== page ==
1. Hourly workers are typically allowed two 15-minute breaks per shift, one each in the morning and afternoon. These breaks are actually so short that it's impossible to rest. When the break would start, I'd head to the bathroom and then out to my dirty hippie van for a quick nosh, check my text messages and before long it was time to head back in. The actual break time was closer to 10 minutes.

2. Also typical for hourly workers is a 30-minute lunch, which turns out to be something like only 24 minutes of actual lunching. This time goes by like lightning when you're trying to scarf down snackie cakes and cheesie poofs. I found myself rushing to eat -- not optimum for anyone's digestion, especially if you have to wait for a microwave while someone else heats up their entrail stew (NOM!).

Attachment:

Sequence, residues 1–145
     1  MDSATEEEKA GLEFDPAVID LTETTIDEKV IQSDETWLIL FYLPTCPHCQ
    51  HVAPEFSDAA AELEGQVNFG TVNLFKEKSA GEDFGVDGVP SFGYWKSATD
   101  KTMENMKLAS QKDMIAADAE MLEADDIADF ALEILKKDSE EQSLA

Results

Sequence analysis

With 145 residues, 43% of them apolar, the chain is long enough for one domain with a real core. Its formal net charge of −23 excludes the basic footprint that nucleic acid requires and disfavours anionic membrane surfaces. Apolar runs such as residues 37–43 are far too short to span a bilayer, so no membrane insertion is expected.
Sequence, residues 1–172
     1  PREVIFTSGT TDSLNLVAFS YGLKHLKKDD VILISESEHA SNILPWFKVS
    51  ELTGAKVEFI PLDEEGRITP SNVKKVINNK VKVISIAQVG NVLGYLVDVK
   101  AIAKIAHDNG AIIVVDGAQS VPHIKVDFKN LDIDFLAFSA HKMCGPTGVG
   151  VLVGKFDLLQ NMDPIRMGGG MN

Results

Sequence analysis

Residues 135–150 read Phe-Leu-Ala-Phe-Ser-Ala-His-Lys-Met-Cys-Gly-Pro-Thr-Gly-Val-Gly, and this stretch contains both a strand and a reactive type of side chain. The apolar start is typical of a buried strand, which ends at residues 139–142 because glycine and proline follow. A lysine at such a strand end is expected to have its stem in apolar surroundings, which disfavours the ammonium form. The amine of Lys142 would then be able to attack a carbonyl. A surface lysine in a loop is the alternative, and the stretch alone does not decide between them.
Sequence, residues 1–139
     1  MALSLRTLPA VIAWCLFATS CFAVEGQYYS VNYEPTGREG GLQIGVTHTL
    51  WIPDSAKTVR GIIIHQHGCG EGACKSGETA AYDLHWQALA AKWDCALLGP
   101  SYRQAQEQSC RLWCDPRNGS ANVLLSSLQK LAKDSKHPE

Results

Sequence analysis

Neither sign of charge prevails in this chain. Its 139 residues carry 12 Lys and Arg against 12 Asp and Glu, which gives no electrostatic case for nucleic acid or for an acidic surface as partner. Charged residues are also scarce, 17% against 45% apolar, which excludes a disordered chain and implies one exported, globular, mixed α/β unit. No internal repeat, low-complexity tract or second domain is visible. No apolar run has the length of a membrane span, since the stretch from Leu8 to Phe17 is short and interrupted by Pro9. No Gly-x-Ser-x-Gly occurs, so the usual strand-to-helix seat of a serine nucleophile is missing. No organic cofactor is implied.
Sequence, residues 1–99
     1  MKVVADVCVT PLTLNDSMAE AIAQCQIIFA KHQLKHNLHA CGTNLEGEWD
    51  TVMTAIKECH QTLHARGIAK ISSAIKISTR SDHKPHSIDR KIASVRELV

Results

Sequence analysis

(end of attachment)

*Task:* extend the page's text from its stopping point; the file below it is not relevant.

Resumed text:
3. It's very easy to feel like a mindless drone while doing repetitive production work, but I couldn't be a mindless drone or else I'd screw up and scrap out parts, which I HATED to do. It felt like a personal failure to show the owner a part that I had mistakenly put in wrong or out of sequence, even though he just laughed it off and said "No biggie, just keep going". Thankfully, it rarely happened.

4. I was earning $15 an hour for this work, and while there's a push in this country to make that a national minimum 'living wage', there's no guarantee it'll ever happen. My Dad mentioned that where he lives in Northern California, most folks would love to have a job paying that much, but here in The OC it would be nearly impossible to survive making $28,800 a year as a primary income amount... BEFORE taxes.